lL of 3,30 ,5,50 -tetramethylbenzidine was added and mixed
for 20 s and incubated at 22°C for 20 min. The reaction
was stopped by adding 50 lL of 0.16 M sulfuric acid (stop
solution) to each well and the plate was then read (within
15 min) at 450 nm using a microplate reader.
Protein measurement
Total protein contents were determined according to
Bradford (1976) using bovine serum albumin as a standard.
Evaluation of DNA strand breaks
The alkaline unwinding assay used in the present study was
adapted from Shugart (1988). A liver sample was gently cut
into fine pieces and incubated with 1 mL of TNE buffer
(0.05 M Tris, 0.1 M NaCl, 0.1 M EDTA, 0.5% SDS, pH
8.0) at 37°C for 24 h. After incubation, 150 lL of saturated
NaCl was added and the mixture centrifuged at 12,0009g
for 20 min. The supernatant was added to an equal volume
of buffered phenol/chloroform/isoamyl alcohol (PCI)
(24:25:1, v/v/v, pH 8.0) and gently mixed. The sample was
allowed to settle for 5 min before centrifuging at 12,0009g
at 4°C for 5 min. The aqueous layer was transferred to a
new centrifuge tube and the PCI extraction repeated. The
aqueous layer was then digested using 5 lL of Ribonuclease A (10 mg mL-1) for 30 min at 37°C and extracted
successively using equal volumes of PCI. The DNA was
precipitated from the resulting aqueous layer by adding 2
volumes of cold absolute ethanol and a 1/10 volume of 3 M
sodium acetate buffered to pH 5.2. The sample was centrifuged at 12,0009g for 15 min and the supernatant decanted. Finally, the pellet was rinsed with 500 lL of 70%
ethanol, air dried and then dissolved in 400 lL of TE buffer
(10 mM Tris, 1 mM EDTA). The DNA sample was separated into two equal portions for fluorescence determination
H. Thilagam et al.
of double stranded DNA (dsDNA) and single-stranded
DNA (ssDNA). The fluorescence of dsDNA and ssDNA
was measured using a spectrofluorimeter with an excitation
wavelength of 360 nm and an emission wavelength of
450 nm. Data concerning the DNA unwinding technique
were expressed as F values, determined by dividing the
double strand value by the double plus single strand value in
the sample.
Preparation of samples for ROS measurement, EROD,
LPO and antioxidant activity
The liver was dissected, rinsed with ice-cold normal saline
(0.91% w/v of NaCl) and stored at -80°C until analysis,
when it was homogenized in 4 volumes of ice-cold Tris
buffered saline (10 mM Tris–HCl, 0.1 mM EDTA-2Na,
10 mM sucrose, 0.8% NaCl, pH 7.4) with a glass-homogenizer. The homogenate was centrifuged at 5009g for
10 min, the fat layer removed and the resulting supernatant
centrifuged at 3,0009g for 30 min, followed by 10,0009g
for 30 min at 4°C. The supernatant was further centrifuged
at 100,0009g for 60 min in an HIMAC CS150GXL
(Japan) micro-ultracentrifuge to obtain the cytosolic and
microsomal fractions. All the antioxidant and associated
enzyme assays were carried out using the cytosolic fraction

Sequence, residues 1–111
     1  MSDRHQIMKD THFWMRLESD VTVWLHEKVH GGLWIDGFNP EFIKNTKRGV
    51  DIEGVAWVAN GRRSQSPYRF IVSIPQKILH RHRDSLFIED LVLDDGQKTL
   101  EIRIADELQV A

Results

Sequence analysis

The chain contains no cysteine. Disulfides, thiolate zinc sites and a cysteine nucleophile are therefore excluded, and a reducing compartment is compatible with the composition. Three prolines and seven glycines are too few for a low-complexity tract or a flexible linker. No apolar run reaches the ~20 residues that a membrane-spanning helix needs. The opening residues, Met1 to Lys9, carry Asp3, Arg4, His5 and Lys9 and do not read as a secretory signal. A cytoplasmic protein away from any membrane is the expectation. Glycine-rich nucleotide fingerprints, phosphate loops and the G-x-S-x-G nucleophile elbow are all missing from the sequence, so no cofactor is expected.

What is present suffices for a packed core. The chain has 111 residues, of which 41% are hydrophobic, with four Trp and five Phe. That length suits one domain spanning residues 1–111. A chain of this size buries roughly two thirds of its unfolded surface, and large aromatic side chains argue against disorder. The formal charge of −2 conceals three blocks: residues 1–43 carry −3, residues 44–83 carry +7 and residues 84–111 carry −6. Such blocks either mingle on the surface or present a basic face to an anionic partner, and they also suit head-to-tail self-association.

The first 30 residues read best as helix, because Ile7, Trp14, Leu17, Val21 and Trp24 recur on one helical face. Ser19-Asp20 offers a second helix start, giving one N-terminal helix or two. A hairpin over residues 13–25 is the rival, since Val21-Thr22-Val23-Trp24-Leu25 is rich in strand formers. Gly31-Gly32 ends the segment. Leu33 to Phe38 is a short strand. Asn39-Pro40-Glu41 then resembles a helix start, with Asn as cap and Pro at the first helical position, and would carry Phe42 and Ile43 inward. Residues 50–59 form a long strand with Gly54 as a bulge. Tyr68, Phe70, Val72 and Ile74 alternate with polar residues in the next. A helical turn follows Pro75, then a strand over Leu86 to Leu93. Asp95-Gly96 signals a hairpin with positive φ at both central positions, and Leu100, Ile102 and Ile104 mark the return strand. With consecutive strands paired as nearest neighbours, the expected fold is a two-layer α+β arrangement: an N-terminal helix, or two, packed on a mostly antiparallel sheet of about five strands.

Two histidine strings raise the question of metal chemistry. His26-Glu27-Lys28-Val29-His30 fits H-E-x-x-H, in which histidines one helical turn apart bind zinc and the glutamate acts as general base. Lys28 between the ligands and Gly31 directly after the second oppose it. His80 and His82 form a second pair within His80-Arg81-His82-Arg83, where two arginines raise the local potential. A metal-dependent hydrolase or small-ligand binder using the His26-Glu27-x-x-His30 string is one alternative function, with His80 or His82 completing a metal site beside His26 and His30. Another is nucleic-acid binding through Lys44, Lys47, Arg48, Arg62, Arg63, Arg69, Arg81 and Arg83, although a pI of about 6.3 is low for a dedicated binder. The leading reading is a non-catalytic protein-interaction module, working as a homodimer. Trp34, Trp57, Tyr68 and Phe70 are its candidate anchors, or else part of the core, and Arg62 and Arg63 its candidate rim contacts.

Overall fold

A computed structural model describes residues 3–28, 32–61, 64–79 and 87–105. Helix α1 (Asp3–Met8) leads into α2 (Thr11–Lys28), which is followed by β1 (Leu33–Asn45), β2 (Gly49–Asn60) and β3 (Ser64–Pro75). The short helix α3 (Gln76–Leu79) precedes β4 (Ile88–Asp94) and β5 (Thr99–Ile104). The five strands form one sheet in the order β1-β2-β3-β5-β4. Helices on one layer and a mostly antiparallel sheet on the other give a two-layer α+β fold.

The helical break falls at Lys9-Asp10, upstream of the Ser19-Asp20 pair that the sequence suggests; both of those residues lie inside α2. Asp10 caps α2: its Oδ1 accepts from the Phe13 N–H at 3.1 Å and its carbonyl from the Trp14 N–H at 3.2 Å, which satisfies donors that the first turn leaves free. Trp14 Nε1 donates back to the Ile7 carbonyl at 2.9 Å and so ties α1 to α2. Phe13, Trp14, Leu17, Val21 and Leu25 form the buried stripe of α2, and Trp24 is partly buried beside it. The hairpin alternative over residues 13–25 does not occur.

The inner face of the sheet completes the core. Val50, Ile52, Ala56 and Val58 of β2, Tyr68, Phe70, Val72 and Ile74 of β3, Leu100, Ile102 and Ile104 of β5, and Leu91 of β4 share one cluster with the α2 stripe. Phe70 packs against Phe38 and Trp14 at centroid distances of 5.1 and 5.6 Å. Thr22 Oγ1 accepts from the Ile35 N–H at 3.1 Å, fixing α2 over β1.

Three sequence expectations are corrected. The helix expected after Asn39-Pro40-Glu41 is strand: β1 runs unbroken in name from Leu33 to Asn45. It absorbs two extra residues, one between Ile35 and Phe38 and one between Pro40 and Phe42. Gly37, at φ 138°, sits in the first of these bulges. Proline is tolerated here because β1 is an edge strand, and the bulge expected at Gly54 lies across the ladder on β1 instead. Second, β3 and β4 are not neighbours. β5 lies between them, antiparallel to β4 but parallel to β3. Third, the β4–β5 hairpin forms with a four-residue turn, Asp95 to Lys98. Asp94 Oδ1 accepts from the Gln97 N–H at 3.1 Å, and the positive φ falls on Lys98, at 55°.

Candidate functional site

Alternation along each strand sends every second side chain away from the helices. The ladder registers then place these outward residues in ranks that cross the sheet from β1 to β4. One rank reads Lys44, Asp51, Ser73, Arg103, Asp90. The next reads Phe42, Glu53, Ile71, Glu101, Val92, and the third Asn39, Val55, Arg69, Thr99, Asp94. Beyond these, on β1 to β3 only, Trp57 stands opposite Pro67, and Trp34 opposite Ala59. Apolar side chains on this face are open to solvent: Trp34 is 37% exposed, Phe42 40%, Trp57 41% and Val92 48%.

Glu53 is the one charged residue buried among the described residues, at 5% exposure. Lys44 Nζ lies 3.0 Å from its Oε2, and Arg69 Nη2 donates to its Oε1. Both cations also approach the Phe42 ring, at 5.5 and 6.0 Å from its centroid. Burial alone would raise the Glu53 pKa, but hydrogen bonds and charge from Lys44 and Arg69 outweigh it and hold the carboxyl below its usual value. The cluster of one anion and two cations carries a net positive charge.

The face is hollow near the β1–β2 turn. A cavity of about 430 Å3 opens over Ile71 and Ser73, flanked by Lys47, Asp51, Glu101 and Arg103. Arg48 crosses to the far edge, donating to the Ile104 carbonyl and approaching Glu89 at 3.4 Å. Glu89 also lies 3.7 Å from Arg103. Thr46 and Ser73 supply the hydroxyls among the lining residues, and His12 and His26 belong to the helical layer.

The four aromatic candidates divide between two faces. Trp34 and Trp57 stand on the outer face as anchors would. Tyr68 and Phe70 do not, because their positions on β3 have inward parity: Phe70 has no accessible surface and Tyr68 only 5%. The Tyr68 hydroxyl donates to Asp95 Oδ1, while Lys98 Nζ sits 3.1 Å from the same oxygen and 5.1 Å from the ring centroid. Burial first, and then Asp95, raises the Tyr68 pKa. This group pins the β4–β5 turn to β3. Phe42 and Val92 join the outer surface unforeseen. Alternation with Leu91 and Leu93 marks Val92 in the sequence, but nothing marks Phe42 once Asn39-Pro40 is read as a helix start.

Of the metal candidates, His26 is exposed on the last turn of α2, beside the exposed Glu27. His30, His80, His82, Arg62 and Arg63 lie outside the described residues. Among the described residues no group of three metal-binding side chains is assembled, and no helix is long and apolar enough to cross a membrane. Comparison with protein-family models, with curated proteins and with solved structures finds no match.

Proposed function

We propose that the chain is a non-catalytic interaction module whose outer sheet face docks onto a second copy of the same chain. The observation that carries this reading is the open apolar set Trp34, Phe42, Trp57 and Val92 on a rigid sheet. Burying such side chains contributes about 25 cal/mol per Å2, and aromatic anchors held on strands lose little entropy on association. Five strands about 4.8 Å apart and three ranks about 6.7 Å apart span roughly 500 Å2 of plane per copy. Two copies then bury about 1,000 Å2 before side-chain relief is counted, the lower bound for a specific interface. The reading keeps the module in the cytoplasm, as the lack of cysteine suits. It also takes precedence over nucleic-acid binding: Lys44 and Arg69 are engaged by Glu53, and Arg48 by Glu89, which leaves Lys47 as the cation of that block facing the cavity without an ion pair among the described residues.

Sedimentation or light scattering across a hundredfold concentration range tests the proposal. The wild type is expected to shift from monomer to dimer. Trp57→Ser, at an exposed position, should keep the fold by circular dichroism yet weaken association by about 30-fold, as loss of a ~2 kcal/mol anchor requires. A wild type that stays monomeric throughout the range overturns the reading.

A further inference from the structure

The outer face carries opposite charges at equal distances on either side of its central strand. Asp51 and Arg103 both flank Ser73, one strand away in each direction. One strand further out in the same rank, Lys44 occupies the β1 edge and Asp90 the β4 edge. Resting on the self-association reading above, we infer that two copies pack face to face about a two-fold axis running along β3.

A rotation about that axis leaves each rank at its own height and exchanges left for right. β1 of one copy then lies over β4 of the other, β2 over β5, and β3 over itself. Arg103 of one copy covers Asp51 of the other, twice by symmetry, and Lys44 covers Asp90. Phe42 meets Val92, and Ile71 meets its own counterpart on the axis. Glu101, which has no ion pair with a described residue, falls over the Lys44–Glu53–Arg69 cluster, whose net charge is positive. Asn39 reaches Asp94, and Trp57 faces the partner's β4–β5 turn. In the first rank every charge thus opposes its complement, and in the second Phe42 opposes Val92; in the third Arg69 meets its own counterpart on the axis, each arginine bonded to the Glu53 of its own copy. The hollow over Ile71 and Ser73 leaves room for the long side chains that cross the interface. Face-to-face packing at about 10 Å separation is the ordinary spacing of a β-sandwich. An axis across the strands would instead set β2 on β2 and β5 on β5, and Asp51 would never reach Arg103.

and the microsomal pellets were used for the determination
of EROD activity.
Liver EROD determination
Microsomal pellets were resuspended in 500 lL of Tris–
HCl buffer. Cytosolic and microsomal protein contents
were measured using the method of Bradford (1976), using
bovine serum albumin (BSA) as the standard. In the
microsomal fraction, EROD activity was determined as
described in Burke and Mayer (1974) using micro plate
reader (TECAN A-5082, Genios, Austria) at 535/585 nm
excitation/emission wavelengths.
ROS measurement
ROS was measured based on the methods of Driver et al.
(2000) with slight modifications. Homogenate (20 lL),
100 lL physiological saline and 5 lL of Dichlorodihydrofluorescein diacetate (DCFH-DA) were added to each
well and the plates were incubated at 37°C for 30 min. The
conversion of DCFH to the fluorescent product dichlorofluorescein (DCF) was measured using a TECAN spectrophotometer with excitation at 485 nm and emission at
530 nm. Background fluorescence (conversion of DCFH to
DCF in the absence of sample) was corrected for by the
inclusion of parallel blanks.
17b estradiol induced ROS generation, DNA damage and enzymatic responses
Antioxidant and lipid peroxidation measurements
CAT activity was determined according to Sinha (1972).
SOD activity was measured as the degree of inhibition of
auto-oxidation of pyrogallol at an alkaline pH using the
method of Marklund and Marklund (1974). GPx was
assayed by measuring the amount of GSH consumed in the
reaction mixture according to the method of Rotruck et al.
(1973). GSH was estimated using the method of Moron
et al. (1979) and reading the optical density of the yellow
substance formed when DTNB was reduced by glutathione
at 412 nm. GST activity was measured using the CDNB
substrate following conjugation of the acceptor substrate
with glutathione as described in Habig et al. (1974). LPO
was measured according to Devasagayam and Tarachand